There is only one true leader in a construction firm. He or she is typically called the President, CEO or Chairman. They perform true visionary leadership.
To succeed in leading, they must achieve the following: ( this is leadership as defined by most people)
• Setting Direction
• Aligning Resources
• Motivating People
When we think of leadership, we tend to think of a military model. A construction company CEO or President’s role is markedly different from a military leader’s. Construction executives have cost, revenue and thus, profit responsibilities. They don’t deal in life or death. Contractor’s lives and challenges don’t compare. However, what they do does have an effect on employee’s lives including the employee’s families.
In the first step of the leadership process, Setting Direction, construction contracting leaders must know the value of a potential direction. Intuitively or quantitatively, they must determine the right or most profitable direction of the firm. Again, the direction affects many people’s future including their own. It is inexcusable to be influenced by a current fad or management trend. Facts and logic must rule the decision. The direction that is chosen must be substantiated by compelling reasons, not the least of which are strong financial ones.
Not to oversimplify, the ability to meet a payroll is what all employees including the CEO want. Effective cost and revenue stewardship is a must to meet that payroll. Overall, maintaining a positive profit and loss statement with advantageous cash flow leads to a certain future for any company.
This is very different from the military. In fact, a contractor’s leadership challenges are insignificant when compared to a battlefield command. War leadership has no superior or is similar to anything else. There is no equal to it. (meaning don’t take your role of construction leadership too seriously)
Construction firm leaders have to move an organization in a profitable and sustainable way. It must be a careful and thoughtful act which includes contingency planning. Having a 25 year view is great stewardship and a gift to the next generation of company executives. They will thank you for it and as well they should.
The people who don’t run the entire construction organization (project managers, chief estimators, field supervisors etc) have minimal influence on Setting Direction and Aligning Resources. However, they must Motivate People.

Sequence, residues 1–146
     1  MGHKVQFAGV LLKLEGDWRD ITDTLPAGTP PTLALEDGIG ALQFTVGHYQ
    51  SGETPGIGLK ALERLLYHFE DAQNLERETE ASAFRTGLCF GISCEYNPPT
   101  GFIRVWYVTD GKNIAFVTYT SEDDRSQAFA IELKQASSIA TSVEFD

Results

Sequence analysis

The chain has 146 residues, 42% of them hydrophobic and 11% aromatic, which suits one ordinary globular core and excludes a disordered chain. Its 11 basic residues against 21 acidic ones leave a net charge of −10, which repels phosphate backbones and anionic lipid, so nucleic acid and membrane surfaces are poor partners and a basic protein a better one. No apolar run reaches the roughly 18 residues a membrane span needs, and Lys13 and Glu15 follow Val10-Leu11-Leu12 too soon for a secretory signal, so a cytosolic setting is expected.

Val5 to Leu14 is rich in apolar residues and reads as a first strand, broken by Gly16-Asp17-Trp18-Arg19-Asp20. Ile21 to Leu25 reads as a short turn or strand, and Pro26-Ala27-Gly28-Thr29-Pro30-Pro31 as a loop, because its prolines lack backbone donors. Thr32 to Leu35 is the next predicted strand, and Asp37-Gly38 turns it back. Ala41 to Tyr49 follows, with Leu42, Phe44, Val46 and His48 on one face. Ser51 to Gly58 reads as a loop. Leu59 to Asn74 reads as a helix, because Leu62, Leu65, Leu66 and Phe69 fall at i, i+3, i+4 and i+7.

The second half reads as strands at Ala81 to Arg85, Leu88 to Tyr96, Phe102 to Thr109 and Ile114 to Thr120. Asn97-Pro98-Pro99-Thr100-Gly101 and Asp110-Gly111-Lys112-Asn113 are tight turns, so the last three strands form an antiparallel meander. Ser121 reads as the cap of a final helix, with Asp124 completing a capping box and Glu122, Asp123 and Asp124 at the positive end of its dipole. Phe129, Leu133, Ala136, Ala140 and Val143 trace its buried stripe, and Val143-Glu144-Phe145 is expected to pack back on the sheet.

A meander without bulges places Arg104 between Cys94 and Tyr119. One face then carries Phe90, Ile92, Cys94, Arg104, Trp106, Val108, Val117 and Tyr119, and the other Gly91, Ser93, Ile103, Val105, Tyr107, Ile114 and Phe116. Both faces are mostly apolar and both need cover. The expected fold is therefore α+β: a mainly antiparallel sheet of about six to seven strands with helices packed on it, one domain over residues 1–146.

Management is defined by most people as:
• Planning the Work
• Organizing People and Processes around the Work Plan
• Monitoring Behaviors and Results
All construction supervisors perform the above three functions daily, not just once a year at the company retreat. Planning, Organizing and Monitoring well is what all good managers do. The great ones motivate people consistently. That is leadership directly on point.
We conclude everyone who has subordinates in construction is a Leader – Manager. They must lead, but at the same time must perform specific managerial activities. It is part of their responsibility. Managing for profit is not a military style of leadership. It is different. In your contracting business, all your employees rely on their compensation and benefit package for their future. No small matter. Again, good revenue and cost stewardship is a must to meet a payroll.
Why is the leader – manager model effective? Having better supervisors directly affect the two parts of the construction business – people and processes. Improving the way these performance drivers are lead and managed improves results.
We observe that in successful construction firms, leader – managers can be found at every level — from the owner to the entry level person. This is particularly true in construction organizations that have a team approach. No one builds alone. We rely on others to complete certain work steps. We believe the Leader – Manager skill is the new driver in the construction industry.
The reality of the construction industry demands we have dual roles. In our opinion, redefining leadership as having a business management component better serves the construction industry.
For more information on this critical subject, purchase a copy of my McGraw-Hill book, Managing a Construction Firm on Just 24 Hours a Day. We offer a bundle with Excel templates that are featured in the book to help assist in making financial, estimating and project management decisions.
Matt Stevens is President of Stevens Construction Institute, Inc. A management consulting firm which works only with construction contractors. Learn more at www.stevensci.com